Is there, then, a case for treating government projects the same way. Perhaps we could back multiple, competing projects in the same space, and fund the ones that were proving the most successful? We would have to change the contracting model and include break clauses (not termination clauses as that, in the current vernacular, implies failure – we know that projects are going to fail, we just don’t know which ones).

Sure, we would “waste” some money doing it this way. But we already do – we think we are wasting it right near the end when the project has consumed all of its budget and has nowhere left to go, but, in reality, we’ve been pouring money into something that wasn’t going to success for months or years beforehand.

We could also copy the way some VCs back teams – that is, find teams who have successfully delivered and work to keep them together, moving them onto the next idea, because it may just be that success breeds success. Teams who have proven capable at £10m of project spend should get to play with £50m. or £100m and £200m. We could rotate new team members in to give them exposure to what success looks like, before splitting successful teams and giving them more to run.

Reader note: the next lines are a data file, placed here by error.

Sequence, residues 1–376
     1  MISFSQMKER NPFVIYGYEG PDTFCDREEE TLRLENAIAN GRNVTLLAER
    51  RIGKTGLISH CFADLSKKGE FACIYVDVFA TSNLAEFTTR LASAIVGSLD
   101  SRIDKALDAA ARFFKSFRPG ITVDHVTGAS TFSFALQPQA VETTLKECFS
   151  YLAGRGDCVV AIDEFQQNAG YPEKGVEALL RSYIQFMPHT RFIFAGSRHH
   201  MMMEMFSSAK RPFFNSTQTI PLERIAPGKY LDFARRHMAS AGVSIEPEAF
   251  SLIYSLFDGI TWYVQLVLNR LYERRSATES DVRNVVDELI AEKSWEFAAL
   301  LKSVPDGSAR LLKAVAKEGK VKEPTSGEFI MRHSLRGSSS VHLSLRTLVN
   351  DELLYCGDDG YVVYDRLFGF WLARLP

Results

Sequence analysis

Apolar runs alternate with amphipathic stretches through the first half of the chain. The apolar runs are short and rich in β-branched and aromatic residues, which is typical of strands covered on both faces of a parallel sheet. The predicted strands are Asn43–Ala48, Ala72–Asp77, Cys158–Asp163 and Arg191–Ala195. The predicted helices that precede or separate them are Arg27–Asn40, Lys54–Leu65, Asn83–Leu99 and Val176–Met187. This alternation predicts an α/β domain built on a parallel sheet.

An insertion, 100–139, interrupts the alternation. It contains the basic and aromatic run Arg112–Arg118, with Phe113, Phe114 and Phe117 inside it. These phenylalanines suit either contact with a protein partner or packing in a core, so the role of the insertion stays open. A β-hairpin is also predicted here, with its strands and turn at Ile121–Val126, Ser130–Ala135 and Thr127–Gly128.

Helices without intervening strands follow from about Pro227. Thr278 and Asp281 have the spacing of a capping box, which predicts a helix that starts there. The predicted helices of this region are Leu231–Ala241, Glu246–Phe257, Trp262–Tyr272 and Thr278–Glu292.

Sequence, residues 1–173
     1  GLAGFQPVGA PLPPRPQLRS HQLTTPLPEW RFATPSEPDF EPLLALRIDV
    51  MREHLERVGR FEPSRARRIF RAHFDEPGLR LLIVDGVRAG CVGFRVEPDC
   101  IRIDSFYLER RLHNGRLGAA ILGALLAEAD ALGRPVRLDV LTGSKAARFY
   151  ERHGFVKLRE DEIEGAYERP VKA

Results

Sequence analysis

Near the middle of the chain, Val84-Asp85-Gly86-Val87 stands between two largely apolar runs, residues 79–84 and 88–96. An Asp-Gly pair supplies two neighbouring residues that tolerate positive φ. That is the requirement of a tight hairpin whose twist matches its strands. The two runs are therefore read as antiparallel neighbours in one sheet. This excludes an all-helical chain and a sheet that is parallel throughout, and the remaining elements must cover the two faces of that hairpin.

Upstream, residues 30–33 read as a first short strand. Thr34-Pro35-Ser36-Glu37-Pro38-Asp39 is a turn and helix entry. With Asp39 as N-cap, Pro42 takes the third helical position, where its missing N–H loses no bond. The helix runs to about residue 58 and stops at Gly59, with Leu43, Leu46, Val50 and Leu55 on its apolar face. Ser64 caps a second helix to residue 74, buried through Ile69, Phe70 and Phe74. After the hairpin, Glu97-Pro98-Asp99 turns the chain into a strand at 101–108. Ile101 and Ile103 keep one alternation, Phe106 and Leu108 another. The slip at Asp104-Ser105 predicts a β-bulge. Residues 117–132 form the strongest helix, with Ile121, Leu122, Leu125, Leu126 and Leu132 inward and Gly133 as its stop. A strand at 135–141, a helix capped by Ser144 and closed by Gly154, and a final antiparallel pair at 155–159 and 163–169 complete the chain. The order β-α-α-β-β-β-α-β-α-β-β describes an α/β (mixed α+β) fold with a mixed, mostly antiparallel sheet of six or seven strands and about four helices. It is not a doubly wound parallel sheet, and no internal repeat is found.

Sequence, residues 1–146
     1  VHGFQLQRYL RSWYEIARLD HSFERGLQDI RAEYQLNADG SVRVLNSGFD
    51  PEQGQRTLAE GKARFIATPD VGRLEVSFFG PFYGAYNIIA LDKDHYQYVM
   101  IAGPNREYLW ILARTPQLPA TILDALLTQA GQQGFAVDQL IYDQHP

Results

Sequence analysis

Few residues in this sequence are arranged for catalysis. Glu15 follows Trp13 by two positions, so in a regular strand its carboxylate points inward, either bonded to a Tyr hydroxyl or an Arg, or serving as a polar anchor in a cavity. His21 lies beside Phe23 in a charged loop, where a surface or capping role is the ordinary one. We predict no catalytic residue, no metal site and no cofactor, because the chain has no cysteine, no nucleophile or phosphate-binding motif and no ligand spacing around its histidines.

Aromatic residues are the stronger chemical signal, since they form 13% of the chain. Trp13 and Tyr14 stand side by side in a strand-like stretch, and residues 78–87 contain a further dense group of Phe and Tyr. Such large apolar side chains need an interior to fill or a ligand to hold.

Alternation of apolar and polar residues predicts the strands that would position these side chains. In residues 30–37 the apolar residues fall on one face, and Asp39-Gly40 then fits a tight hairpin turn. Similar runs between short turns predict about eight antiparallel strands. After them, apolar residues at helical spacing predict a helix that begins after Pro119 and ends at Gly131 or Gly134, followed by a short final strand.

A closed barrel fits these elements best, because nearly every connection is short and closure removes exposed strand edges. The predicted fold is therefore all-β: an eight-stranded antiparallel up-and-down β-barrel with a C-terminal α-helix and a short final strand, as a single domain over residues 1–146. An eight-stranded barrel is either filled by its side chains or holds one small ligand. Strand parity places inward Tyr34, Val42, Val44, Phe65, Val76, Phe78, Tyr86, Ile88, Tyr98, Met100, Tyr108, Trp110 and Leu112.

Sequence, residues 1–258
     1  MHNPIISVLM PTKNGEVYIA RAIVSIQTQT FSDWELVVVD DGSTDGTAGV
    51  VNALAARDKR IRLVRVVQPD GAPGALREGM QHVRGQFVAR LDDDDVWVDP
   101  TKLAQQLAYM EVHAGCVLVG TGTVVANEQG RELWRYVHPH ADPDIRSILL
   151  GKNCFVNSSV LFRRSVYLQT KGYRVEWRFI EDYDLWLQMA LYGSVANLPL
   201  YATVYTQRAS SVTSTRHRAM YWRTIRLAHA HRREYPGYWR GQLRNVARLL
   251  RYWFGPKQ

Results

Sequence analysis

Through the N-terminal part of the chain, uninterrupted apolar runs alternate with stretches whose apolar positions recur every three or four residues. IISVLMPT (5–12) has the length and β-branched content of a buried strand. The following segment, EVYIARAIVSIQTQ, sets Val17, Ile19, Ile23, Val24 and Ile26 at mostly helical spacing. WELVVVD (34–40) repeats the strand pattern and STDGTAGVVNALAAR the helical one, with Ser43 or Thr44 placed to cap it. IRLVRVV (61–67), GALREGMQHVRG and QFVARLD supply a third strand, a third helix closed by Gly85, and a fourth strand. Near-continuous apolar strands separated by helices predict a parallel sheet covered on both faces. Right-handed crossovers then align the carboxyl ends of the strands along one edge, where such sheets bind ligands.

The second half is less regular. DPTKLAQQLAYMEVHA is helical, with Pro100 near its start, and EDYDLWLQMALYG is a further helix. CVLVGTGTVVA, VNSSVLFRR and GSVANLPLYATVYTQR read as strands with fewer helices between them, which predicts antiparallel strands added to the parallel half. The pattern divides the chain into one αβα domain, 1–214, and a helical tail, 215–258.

The current model, even with all the agile changes in the last decade, isn’t working as well as it could. There’s a reason that VC companies manage a portfolio – they know that they have to spread their capital quite wisely. Our project management approach feels more like passive investment in an index, rather than active management of a portfolio. We need to make some changes.

I’m WORN out

We’ve gone through a lot of acronyms for storage – ROM, RAM, EEPROM, CD-ROM, WORM etc.

How did we, then, manage to get to a place where the lessons learned in delivering, and failing to deliver, projects are in the WORN format?

Write Once, Read Never.

Wading Through Treacle

Long ago, a wise and experienced civil servant cautioned me upon my arrival at the Inland Revenue that my job would often feel like “wading through treacle.” He wasn’t wrong, though he posessed the supreme skill of somehow skating over that treacle and so got things done.

I often think back to that quote. It’s not unfair to say that the civil service is heavily driven (some would say constrained) by bureaucratic and cumbersome processes that, if anything, are designed to contain change rather than enable it. “Governance” is the thing – slow down the ability to do things and certainly the ability to spend money and thus keep everything on an even keel. Of course, all of that governance and process designed to slow the spending of money has not prevented eye watering project failures and associated write-offs.

More recently the move to more agile methods has resulted, in some places and in some ways, those processes being thrown away. More lightweight processes have replaced them with the aim of giving product owners and developers more freedom to get things done.